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Razor Wire Christmas 268 hero image

Short Story: Razor-Wire Christmas

Justin Peters

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December 23

From far up in the universe, the sun shone down on the huge humps and ridges of the North Country, on endless miles of leafless forest, bleak and cold. Winter had come, though no snow as yet; but far off a vast snowstorm was blowing eastward.


Julio Estrada was jogging, his breath puffing out in huge steamy clouds. He looked out across the tree-covered ridges fading, fold after fold, into the distance. He had first seen those hills four months ago, all green. He had watched them turn orange and yellow, then purplish-brown as the leaves fell. He imagined those hills looked beautiful to the natives. But to him they combined with the huge triple fence in the foreground, to make one vast prison.

Julio ran fifteen miles of laps around the prison yard every day –  you never knew when being in excellent shape was going to be essential. He finished his run, had a shower, then went to his cell. In half an hour he would be due in the kitchen, where the inmate cooks were extra busy getting Christmas dinner ready. Julio sat on his bed, looked out the four-inch wide window, and pondered. What a year. In January, back in the city, he had married Lola, in a real church wedding. Then he had joined the gospel choir. The church asked him to be their youth minister. Life was full of hope and purpose –  as full as it could get in the Wilson-Beckman neighborhood in the city. Then came that night at Easter –  a knock at the door –  the police –  arrested. It had been a big robbery –  some judge got robbed –  and there were no clues or evidence, but the District Attorney had his eye on the Governor's mansion, and you couldn't leave a crime that big unsolved. Julio had made as good a suspect as any of the other million young black men in the city. The church had rallied, and put up $50,000 for a good lawyer, but what was $50,000 against a DA on a mission? From the start, Julio wasn't going to plea bargain. Everyone told him to take the DA's offer –  plead guilty, skip the trial, and get by with a five to ten year sentence. It made sense –  but how could he say he had done it when he hadn't? Then there was Lola. One day, visiting him, she told him that by Christmas he'd be a dad. So he went to trial and fought it. The lawyer did his best, but they never had a chance. Ten to twenty for armed robbery.

Julio was tall, 6' 6" and 225 lbs. He was a quiet person, but he had made a few friends here in prison. Mike Howard was #1. Mike was twice his age, coming to the end of a long sentence for homicide. They were opposites in a lot of ways –  Mike was jovial, outgoing, always seemed to have a crowd around him, seemed to land friendships like trout in a stream. He even had friends among the guards –  many of them seemed to, maybe not like him, but get along with him.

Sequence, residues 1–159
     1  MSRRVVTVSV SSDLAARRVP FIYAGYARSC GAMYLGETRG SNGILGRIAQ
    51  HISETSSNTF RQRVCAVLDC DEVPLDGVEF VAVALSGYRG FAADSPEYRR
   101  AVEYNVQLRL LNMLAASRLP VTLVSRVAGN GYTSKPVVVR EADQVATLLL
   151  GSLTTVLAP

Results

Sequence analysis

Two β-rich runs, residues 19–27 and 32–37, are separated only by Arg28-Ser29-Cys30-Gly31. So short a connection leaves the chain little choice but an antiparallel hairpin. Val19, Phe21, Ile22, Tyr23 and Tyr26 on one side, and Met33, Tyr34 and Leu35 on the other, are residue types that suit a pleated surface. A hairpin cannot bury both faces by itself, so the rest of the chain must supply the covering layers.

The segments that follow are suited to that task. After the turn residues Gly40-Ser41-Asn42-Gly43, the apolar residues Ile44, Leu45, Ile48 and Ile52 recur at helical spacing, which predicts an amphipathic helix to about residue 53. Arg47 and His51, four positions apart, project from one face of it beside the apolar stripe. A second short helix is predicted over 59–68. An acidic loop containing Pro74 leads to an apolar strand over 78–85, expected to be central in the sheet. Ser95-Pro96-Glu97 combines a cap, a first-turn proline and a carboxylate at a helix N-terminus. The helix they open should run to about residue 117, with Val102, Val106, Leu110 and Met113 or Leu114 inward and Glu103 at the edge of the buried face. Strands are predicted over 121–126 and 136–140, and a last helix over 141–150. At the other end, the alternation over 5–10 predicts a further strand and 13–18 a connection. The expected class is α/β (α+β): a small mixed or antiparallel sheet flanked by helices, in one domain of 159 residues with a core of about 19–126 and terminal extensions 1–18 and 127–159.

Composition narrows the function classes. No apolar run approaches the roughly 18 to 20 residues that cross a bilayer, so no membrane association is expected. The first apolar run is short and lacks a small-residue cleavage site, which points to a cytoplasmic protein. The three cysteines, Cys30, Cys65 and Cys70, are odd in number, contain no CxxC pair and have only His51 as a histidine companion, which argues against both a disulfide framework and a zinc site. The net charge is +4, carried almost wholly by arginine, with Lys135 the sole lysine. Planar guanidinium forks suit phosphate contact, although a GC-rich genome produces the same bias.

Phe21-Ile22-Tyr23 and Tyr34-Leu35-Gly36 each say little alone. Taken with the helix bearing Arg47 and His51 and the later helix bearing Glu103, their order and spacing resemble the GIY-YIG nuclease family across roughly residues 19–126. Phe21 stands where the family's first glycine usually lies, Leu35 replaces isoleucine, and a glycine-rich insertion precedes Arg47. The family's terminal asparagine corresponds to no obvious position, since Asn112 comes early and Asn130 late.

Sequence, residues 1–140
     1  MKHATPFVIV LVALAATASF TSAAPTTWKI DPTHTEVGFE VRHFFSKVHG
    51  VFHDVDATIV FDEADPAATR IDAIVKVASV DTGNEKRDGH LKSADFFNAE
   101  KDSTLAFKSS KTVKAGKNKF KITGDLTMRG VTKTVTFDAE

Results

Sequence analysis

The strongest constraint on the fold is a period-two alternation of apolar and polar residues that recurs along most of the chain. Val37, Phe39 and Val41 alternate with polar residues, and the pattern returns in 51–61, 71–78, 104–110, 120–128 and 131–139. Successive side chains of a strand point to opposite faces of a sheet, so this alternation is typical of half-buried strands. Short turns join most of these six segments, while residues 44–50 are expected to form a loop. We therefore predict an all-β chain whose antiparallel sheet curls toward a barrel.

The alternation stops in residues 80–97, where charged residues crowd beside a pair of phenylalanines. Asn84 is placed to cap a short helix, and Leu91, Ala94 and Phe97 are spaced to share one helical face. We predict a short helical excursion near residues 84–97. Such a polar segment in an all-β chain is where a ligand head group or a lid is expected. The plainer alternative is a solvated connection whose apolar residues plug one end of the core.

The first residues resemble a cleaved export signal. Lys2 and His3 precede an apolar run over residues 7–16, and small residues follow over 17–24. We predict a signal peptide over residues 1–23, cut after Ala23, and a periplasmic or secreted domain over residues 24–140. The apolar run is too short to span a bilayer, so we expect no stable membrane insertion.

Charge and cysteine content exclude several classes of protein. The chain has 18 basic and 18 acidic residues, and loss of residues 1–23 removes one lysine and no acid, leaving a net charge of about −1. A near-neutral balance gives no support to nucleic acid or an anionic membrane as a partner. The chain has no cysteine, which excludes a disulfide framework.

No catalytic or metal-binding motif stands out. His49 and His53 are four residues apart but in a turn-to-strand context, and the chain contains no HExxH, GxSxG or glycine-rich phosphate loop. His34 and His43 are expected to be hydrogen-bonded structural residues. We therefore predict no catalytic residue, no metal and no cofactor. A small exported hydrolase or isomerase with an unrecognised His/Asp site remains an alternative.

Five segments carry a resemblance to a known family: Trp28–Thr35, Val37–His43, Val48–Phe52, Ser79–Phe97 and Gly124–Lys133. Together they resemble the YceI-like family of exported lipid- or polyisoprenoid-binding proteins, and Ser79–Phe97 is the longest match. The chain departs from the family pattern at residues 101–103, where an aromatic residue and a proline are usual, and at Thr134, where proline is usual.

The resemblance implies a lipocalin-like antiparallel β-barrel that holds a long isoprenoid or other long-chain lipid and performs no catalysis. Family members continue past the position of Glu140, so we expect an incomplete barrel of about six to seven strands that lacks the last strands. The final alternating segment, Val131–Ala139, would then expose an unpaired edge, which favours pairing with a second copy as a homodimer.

Mike was OK with the guards, but for Julio, there were only two cracks in the white wall. One was Chuck Phillips, a guard in the kitchen and cafeteria. The other was Ms. Norton – assistant warden, but not a bad person at that. Seemed to respect you, even if she was part of the cold, white prison.

But every hour he thought of Lola and the baby. The birth would be any day now. And would she wait for him for ten years? How often would she take the bus, six hours each way, with the baby, to visit him way up here in Granite Hill Correctional Facility? Julio's desperation grew, and his mind worked as only desperation can make it do.


Three hundred yards away, Wallace Eppington looked out his office window. He liked the view. The sun glinted on miles of gleaming concertina wire, coiled in huge impenetrable sausages along the tops of the triple fence. Eppington was the warden of Granite Hill. He saw it as his first step up the ladder in the Department of Corrections. Granite Hill had been built ten years ago. For ten years he had been warden. They were ten years of top ratings, ten years of flawless management, ten years without a problem. Wallace Eppington had his eye on the state capital, where the post of corrections commissioner would open up next year. A few more trouble-free months were all he needed. Like a pitcher in the ninth inning of a no-hitter, he was getting tense, and the whole prison was getting his jitters.

Christmas was a tough time of year for a prison. The inmates were depressed and angry –  more so than ever. Among the guards, the new hires resented the extra hours as older guards took vacation. And now there was this big storm. Granite Hill CF was in the middle of nowhere, and the twelve hundred guards commuted as far as seventy miles. It had been hard to keep the prison staffed six years ago when eighteen inches of snow had fallen. Now they were talking about three feet. Eppington would have to personally manage the prison through the worst of the storm. It wouldn't be much of a Christmas for his wife, but he wasn't risking his career on anyone else's poor decisions.